How to Play

Why should you play croquet?

Croquet is an ideal way to spend a summer’s afternoon. It provides some gentle exercise without being too strenuous, it is suitable for all ages, it involves a combination of mental and physical skills, and it is possible to socialise while you are playing (unless, of course, you are getting very serious about the game!).

It’s also one of only a handful of sports where men and women play on an equal footing.  Plus, anyone can play, whether disabled, young or retired.

What equipment do I need to play croquet?

Fixed club equipment typically consists of one or more lawns each measuring 35×28 yards of closely mown grass with six cast-iron hoops set firmly in the ground and a peg in the centre.

Each game needs four balls weighing about a pound and at least one mallet of about three pounds to propel them. The width of the hoops varies depending on the players’ skill level. For international competitions, the hoop can be just 1/32 inch wider than the diameter of the balls in order to make the game more of a challenge for the best players.

What if I want to play in my garden?

If you’re thinking of taking up garden croquet, you’ll probably want to buy a garden croquet set. Bundles like these are a great way to get started with the sport as they include everything you need to play, such as the mallets, balls, hoops, pegs and clips.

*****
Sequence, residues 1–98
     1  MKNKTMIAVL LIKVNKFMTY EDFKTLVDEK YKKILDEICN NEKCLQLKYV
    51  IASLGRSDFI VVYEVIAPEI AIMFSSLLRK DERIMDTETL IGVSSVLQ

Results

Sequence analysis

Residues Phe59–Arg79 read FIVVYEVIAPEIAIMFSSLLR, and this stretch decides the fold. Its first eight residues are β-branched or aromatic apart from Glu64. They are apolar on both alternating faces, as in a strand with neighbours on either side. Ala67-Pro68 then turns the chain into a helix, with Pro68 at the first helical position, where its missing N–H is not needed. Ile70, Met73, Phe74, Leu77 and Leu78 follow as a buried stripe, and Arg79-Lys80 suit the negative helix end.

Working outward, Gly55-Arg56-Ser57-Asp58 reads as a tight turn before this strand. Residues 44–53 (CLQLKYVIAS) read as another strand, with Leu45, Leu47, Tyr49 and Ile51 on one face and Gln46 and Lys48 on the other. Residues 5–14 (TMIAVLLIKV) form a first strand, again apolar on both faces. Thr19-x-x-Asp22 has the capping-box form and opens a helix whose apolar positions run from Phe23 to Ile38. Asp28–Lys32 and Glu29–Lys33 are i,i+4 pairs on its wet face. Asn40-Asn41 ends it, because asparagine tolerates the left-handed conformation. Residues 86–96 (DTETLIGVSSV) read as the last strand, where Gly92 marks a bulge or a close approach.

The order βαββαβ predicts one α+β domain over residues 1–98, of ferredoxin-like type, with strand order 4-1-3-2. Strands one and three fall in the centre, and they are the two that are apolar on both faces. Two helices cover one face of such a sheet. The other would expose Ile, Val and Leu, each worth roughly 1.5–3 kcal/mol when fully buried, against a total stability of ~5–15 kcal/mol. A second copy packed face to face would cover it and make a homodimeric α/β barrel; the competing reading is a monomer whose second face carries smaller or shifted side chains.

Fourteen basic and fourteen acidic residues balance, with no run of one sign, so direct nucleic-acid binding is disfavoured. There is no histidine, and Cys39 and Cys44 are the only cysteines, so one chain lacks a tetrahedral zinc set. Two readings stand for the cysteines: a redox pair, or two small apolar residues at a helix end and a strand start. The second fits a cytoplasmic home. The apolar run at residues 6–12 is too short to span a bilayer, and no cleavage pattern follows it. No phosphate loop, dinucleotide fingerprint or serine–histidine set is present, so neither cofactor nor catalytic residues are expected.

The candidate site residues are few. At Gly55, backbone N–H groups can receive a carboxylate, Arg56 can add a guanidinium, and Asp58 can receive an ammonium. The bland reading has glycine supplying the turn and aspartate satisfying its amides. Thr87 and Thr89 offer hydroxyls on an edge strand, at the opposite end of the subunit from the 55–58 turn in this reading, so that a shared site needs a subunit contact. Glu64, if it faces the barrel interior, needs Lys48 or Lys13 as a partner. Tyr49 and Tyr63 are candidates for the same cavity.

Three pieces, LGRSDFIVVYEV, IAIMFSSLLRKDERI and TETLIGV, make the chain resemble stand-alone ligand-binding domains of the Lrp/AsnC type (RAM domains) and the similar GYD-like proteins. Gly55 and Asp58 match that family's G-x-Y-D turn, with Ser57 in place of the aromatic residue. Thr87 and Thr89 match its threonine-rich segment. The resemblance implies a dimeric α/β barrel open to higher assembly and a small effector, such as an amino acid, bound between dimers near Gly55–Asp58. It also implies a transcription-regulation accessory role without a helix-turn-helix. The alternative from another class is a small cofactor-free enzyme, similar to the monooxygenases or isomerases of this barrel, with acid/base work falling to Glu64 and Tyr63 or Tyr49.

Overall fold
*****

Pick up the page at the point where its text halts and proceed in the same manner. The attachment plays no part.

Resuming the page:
Is croquet a summer sport?

Croquet is mainly a summer game but it is not just played in sunny, warm weather. It’s played all year round in many clubs, as long as fierce weather, such as thunder, lightning, or pooled water or snow, does not interfere with gameplay. A few lucky clubs can continue playing on an indoor carpet.

Floodlights are used at some clubs in other countries – such as in Australia and Egypt – to extend the playing day, but these are uncommon in the UK.

What are the rules for playing croquet?

The rules and objectives of the game will depend on the version of croquet you’re playing.